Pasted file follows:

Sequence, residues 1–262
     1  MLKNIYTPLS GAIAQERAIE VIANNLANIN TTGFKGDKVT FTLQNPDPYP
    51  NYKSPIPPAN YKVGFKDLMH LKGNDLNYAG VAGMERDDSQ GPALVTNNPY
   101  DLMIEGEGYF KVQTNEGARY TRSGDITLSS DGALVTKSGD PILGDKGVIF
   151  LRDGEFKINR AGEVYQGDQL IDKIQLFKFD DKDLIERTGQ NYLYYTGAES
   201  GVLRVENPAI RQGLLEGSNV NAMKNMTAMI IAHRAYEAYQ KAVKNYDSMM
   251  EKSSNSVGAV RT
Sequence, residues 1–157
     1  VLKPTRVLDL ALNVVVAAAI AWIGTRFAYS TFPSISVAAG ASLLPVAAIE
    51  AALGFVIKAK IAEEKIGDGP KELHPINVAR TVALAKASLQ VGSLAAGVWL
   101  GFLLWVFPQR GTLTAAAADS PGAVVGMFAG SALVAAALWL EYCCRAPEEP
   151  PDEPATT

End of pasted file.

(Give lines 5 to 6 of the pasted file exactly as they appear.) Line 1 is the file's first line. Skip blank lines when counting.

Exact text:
   151  LRDGEFKINR AGEVYQGDQL IDKIQLFKFD DKDLIERTGQ NYLYYTGAES
   201  GVLRVENPAI RQGLLEGSNV NAMKNMTAMI IAHRAYEAYQ KAVKNYDSMM